PIFSC Scientists Mapping Benthic Habitat on Research Expedition to the Northwestern Hawaiian Islands Marine National Monument

June 22, 2006
Bathymetric map of Pearl and Hermes Atoll. Click on the image for higher resolution.
Bathymetric map of Pearl and Hermes Atoll. Click on the image for higher resolution.

The NOAA Ship Hi'ialakai has embarked on a 28-day voyage to the Northwestern Hawaiian Islands (NWHI) to create detailed maps of the seafloor, explore ancient shipwrecks, and develop interpretive materials for public science education. The area to be studied is part of the Northwestern Hawaiian Islands Marine National Monument established on June 15 by President Bush.

On board is a multidisciplinary group of specialists in benthic habitat mapping, maritime archaeology, education and outreach activities. The Hi'ialakai will conduct research at Kure Atoll (the world's northernmost atoll) and Pearl and Hermes Atoll in the Northwestern Hawaiian Islands. After leaving Monument waters, the NOAA ship will make a brief visit to Hanalei Bay, Kauai, before returning to her home port in Honolulu.

The research expedition is led by co-Chief Scientists John Rooney of the NOAA Pacific Islands Fisheries Science Center (PIFSC) and Hans Van Tilburg of the NOAA National Marine Sanctuary Program. Rooney also heads up the expedition's nine-person mapping team from PIFSC's Coral Reef Ecosystem Division. At Kure Atoll and Pearl and Hermes Atoll, the mapping group will operate the Hi'ialakai's high-resolution multi-beam sonar systems around the clock to generate very accurate maps of the seafloor, providing detailed information on the ocean bottom's depth and composition. During daylight hours, the team will also operate the 25-ft survey vessel R/V AHI, launched from the Hi'ialakai, to extend the mapping into waters too shallow for the ship to operate in safely. At the end of the cruise, the AHI will also be deployed to conduct a 1-day mapping survey in Hanalei Bay.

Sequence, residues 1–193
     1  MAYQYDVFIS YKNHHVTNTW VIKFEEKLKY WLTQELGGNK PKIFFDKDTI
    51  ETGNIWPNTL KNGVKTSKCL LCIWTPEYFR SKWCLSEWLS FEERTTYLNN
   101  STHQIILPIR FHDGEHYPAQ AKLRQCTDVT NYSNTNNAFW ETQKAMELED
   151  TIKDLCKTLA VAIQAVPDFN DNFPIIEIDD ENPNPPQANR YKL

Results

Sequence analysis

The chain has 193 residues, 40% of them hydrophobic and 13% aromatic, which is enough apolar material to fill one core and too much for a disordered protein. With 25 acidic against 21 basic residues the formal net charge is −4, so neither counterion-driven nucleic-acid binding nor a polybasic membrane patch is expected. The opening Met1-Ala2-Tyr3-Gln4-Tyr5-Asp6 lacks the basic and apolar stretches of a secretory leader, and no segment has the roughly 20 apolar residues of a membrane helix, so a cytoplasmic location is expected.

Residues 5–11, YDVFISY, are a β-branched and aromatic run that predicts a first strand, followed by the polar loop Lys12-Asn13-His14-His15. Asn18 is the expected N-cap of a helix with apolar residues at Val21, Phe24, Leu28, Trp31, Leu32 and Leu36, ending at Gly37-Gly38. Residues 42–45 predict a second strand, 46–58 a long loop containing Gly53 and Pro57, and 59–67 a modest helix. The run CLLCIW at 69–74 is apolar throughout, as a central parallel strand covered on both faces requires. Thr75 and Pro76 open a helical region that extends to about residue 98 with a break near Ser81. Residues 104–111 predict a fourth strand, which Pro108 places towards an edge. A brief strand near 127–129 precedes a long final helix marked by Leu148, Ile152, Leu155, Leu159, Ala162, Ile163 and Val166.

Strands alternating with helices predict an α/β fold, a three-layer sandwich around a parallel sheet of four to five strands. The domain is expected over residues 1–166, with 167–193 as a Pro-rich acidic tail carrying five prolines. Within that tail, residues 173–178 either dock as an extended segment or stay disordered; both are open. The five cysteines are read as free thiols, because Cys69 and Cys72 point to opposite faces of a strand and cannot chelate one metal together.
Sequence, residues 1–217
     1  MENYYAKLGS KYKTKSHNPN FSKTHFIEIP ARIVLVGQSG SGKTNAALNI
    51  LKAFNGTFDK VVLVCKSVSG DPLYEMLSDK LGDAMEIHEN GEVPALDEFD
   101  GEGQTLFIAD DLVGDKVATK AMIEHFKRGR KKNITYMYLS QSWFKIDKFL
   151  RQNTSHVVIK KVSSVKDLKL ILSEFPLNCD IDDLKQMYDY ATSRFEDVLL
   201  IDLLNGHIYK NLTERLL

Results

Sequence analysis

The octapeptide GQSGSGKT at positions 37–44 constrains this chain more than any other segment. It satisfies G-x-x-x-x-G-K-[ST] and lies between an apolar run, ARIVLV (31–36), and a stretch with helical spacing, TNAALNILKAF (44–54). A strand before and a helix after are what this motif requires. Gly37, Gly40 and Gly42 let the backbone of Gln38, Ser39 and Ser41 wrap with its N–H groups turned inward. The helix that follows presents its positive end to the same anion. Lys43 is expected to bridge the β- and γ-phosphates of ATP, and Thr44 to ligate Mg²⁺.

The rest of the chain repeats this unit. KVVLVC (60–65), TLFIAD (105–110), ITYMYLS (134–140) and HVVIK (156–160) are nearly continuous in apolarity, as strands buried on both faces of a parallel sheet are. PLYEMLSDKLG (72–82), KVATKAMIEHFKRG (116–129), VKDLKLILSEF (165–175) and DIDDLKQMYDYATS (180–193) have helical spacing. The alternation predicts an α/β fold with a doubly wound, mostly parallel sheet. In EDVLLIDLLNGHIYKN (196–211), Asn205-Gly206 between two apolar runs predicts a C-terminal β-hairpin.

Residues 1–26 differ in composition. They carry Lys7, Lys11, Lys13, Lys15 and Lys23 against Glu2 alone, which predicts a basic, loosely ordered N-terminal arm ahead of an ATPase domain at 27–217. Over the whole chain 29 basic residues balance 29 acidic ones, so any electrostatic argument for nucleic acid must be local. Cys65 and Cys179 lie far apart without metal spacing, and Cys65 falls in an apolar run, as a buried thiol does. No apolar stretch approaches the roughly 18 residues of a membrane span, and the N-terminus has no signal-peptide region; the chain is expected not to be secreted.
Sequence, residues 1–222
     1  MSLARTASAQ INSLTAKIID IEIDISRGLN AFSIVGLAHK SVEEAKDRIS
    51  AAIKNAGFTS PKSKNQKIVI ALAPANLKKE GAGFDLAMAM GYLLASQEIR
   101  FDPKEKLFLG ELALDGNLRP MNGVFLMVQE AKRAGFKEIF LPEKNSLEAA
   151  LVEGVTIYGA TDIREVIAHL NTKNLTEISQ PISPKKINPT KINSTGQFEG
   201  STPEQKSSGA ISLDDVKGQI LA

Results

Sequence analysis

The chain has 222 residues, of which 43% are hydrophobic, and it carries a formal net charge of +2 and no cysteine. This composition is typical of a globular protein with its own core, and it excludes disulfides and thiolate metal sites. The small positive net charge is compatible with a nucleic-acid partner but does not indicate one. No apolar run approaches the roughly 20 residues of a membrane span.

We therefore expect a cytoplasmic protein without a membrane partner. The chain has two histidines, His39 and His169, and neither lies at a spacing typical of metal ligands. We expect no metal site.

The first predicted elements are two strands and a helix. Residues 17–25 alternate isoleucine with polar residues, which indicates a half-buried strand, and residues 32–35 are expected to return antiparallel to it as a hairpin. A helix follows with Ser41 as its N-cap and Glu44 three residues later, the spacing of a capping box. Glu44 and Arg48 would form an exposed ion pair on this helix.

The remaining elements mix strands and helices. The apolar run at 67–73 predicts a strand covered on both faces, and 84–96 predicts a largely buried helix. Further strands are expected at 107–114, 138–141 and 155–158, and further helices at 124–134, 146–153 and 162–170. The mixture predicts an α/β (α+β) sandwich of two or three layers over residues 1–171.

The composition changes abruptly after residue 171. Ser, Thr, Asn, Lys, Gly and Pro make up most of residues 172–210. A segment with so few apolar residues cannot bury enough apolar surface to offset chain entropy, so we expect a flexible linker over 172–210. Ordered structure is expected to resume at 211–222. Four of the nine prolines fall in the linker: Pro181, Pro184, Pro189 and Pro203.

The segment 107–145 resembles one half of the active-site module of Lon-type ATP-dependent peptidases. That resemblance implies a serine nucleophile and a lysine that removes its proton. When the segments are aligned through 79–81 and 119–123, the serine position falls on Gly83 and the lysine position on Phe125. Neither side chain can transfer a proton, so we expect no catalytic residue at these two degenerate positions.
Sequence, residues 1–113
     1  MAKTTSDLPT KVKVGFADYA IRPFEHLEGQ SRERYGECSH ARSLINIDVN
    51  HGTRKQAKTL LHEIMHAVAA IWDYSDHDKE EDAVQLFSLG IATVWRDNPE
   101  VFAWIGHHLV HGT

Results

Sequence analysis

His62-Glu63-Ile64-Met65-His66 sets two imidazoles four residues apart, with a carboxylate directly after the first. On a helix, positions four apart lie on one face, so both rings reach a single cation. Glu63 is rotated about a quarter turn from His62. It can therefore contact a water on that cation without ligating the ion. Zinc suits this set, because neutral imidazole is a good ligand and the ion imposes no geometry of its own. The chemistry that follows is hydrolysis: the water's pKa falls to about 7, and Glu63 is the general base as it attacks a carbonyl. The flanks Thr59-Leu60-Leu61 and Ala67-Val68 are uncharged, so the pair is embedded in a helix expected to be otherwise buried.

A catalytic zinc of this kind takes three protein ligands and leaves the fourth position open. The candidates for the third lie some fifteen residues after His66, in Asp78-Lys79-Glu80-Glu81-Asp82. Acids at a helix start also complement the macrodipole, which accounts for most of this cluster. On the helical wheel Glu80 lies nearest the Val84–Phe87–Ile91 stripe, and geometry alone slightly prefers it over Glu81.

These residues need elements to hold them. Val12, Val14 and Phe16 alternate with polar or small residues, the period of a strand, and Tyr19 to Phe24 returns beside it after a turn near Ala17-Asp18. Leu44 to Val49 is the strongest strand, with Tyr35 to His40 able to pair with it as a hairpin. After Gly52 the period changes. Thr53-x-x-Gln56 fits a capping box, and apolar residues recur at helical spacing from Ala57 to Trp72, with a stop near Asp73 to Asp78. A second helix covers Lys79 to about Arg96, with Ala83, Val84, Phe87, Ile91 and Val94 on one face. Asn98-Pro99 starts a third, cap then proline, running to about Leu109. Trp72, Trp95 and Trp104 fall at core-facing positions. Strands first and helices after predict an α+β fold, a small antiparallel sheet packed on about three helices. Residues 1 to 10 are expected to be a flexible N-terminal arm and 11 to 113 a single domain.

The maps produced at Kure Atoll, Pearl and Hermes Atoll, and Hanalei Bay will provide critical information to marine resource scientists and managers, helping them to better understand and delineate habitat suitable for corals, fish, endangered Hawaiian monk seals, and other marine life in the surveyed areas.

A model of the USS Saginaw

Van Tilberg heads up the expedition's team of six maritime archaeologists from the NOAA Maritime Heritage Program. The team will conduct underwater archaeological surveys at several shipwreck sites at Kure Atoll and Pearl and Hermes Atoll using scuba and snorkeling gear. At Kure Atoll, the team will return to the wreckage of the USS Saginaw, initially discovered in 2003. The USS Saginaw was a sailing sloop with a steam-powered paddle wheel. She was launched in 1859 to conduct anti-piracy patrols in China. In 1870, on her final voyage, she ran aground and was destroyed at Kure. All people onboard reached safety at nearby Green Island. Five volunteers then managed to navigate a small boat on a hazardous month-long voyage back to the main Hawaiian Islands. Tragically, four of the volunteers died when landing the boat in rough surf on Kauai. The remaining castaways at remote Green Island were rescued after 67 days. At Kure Atoll, the team also hopes to further survey an unidentified 19th century whaling shipwreck thought to be the Parker. At Pearl and Hermes Atoll, the team will continue earlier surveys of shipwrecks discovered there in 2004. The wrecks are thought to be remains of the whaling ships Pearl and Hermes, for which these atolls were named.

The education and outreach team on board the Hi'ialakai will work with the scientists and crew on the NOAA ship to interpret their exciting and important research as it is being conducted and present it to a large and diverse audience. Additionally, they will assist the staff and Kure Atoll with invasive species eradication efforts and other tasks, and deploy an Autonomous Underwater Listening Station (AULS) at Pearl and Hermes Atoll for three days, to record the ambient noise field there.

The data collected on this expedition and other cruises to the Northwestern Hawaiian Islands by the NOAA ships Hi'ialakai and Oscar Elton Sette provide information essential to informed management decisions for the region by NOAA and partner agencies including the U.S. Fish and Wildlife Service and State of Hawaii.